Are there any notable contributors now?

I prefer to define notability on the basis of quality of contribution rather than title or media profile (the “No Bogus Criteria” aspect of the Hacker’s Credo.) That said, we have some very thoughtful contributions from BTC Media’s Christie Larkin, Third Key Solutions’ Pamela Morgan, software engineer Jameson Lopp, National Science Foundation’s Anita Nikolich, Yours Network’s Ryan X. Charles, and many others.   

How is consensus achieved in the document? It looks like most participants are suggesting now. How are edits “approved” and integrated into the document?

At a certain point, someone needs to say “yea” or “nay” and play the role of a Torvalds-esque BDFL, which has ended up being me as the project’s initiator. After a discussion has run its course, I just look to see where the discussion has gone and whether convincing arguments have been made. We have had to guard against some (not too many) naked attempts to normalize marketing language (something my day job has trained me to identify) or pejorative terms closely associated with civil wars in the developer community.

Are there any plans to put it on GitHub for maintaining and adding to it?

The people we most want to reach aren’t on GitHub and guiding them there would probably discourage participation. For now, Google Docs is probably the best tool for this particular job.

What is the CBC?

The Chicago Blockchain Center is a public/private partnership that is focused on elevating and celebrating the great potential that the Chicago community offers in this transformative and vital technology area. We were founded by Matthew Roszak (chairman of Bloq and the Chamber of Digital Commerce) and launched in June 2017. In our first year, we focused on delivering a very strong slate of events and workshops, partnering with other like-minded groups. This is most definitely going to continue. Going into year number two, we’ll be more focused on developing intellectual property and incubating great ideas that need a little more oomph from a mentoring perspective.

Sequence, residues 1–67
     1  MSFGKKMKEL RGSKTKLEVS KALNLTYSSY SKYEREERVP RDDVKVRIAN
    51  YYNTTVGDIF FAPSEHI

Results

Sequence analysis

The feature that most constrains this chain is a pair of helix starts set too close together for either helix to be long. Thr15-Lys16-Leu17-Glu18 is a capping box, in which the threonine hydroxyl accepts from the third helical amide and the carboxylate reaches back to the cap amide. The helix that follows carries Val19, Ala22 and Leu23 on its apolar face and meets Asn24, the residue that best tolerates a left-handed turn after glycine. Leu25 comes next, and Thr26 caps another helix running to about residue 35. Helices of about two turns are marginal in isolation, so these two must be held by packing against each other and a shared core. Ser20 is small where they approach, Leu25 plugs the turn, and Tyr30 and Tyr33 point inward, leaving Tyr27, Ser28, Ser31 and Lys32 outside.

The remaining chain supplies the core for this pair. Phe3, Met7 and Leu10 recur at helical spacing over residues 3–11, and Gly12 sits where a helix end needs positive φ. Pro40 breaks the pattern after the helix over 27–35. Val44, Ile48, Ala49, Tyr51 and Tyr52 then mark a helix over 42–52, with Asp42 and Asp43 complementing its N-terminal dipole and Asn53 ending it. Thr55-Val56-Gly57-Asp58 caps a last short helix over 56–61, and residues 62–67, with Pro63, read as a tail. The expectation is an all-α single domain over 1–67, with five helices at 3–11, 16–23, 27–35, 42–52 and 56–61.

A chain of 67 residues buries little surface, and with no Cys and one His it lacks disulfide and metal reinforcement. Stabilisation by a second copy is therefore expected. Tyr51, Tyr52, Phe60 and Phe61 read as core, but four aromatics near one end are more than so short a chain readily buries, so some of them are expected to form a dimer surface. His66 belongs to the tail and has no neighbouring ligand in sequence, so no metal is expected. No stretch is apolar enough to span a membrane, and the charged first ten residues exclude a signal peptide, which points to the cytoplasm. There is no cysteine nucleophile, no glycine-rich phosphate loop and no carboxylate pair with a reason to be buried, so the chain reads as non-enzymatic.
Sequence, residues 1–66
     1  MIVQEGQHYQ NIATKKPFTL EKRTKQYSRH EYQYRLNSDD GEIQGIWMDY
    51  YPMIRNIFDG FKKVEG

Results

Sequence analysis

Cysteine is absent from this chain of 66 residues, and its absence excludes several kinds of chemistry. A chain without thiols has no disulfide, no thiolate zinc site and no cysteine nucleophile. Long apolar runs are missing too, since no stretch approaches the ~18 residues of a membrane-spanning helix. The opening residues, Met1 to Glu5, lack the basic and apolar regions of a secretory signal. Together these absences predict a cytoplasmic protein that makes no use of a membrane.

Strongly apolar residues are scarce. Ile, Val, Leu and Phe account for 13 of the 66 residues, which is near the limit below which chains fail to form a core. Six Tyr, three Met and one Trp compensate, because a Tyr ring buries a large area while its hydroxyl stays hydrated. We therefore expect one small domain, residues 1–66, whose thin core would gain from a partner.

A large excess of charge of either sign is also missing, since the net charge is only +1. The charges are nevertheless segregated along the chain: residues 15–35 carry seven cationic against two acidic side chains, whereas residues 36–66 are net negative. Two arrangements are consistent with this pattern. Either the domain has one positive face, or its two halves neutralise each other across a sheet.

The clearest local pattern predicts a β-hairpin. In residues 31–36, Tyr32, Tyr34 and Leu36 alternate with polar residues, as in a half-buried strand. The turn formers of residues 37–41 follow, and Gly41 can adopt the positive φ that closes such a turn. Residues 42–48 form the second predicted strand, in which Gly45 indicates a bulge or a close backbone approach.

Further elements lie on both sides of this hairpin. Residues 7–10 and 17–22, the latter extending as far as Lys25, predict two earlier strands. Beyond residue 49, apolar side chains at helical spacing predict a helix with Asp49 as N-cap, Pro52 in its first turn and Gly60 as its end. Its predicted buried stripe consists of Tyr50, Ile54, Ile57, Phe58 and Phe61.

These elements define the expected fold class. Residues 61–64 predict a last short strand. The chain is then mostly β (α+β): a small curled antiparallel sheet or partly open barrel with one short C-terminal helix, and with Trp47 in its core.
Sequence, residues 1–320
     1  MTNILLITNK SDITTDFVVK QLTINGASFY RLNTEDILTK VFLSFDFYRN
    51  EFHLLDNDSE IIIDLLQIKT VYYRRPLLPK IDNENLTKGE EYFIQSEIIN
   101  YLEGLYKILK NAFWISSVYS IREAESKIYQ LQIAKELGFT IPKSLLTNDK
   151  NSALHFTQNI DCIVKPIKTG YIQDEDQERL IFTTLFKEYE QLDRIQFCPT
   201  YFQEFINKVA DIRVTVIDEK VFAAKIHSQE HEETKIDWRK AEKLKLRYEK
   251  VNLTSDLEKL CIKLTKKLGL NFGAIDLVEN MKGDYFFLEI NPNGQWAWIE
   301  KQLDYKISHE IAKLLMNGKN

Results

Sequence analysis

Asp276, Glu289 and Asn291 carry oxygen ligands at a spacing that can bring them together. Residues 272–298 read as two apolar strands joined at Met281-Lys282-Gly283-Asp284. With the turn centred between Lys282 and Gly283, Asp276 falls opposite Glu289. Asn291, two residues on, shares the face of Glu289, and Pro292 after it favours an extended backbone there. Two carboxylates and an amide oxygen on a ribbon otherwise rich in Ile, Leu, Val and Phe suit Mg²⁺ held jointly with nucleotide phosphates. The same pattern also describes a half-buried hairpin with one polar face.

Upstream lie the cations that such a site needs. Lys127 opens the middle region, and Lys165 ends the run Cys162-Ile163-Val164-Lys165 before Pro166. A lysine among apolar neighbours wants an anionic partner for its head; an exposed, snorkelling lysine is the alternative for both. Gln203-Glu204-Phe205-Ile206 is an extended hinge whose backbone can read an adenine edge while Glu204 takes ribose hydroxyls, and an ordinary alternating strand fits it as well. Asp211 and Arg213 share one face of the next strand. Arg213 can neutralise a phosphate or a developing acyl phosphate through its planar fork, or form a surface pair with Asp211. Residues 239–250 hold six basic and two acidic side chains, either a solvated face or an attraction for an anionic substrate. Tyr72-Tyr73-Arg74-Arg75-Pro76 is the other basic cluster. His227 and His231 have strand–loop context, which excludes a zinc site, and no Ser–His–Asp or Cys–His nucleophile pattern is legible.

As there is always more to add, especially in as fast-paced a space as blockchain, is the Manual of Style still accepting contributors? How can people get involved if they want to help?

It’s never too late. Just go to the doc and hack away. Remember to leave your name at the bottom of the doc if you want credit.

At a certain point, we’ll download its “v1.0” state, PDF it, hash it, and make it available. The same doc will serve as a basis for the next version.

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Disclosure: I am also a contributor to this Manual of Style. If you’re interested in contributing to, learning from, or just reading the CBC Manual of Style, I highly recommend checking it out here.

Dariusz is a Digital Anthropologist who has been closely following the world of cryptocurrencies since 2014. He has been somewhat of a crypto-evangelist, trying to educate more people on the exciting realm of cryptocurrency. During his time at University College London, his Master's dissertation focused on how communities inhabit, modify, and create virtual places via social media.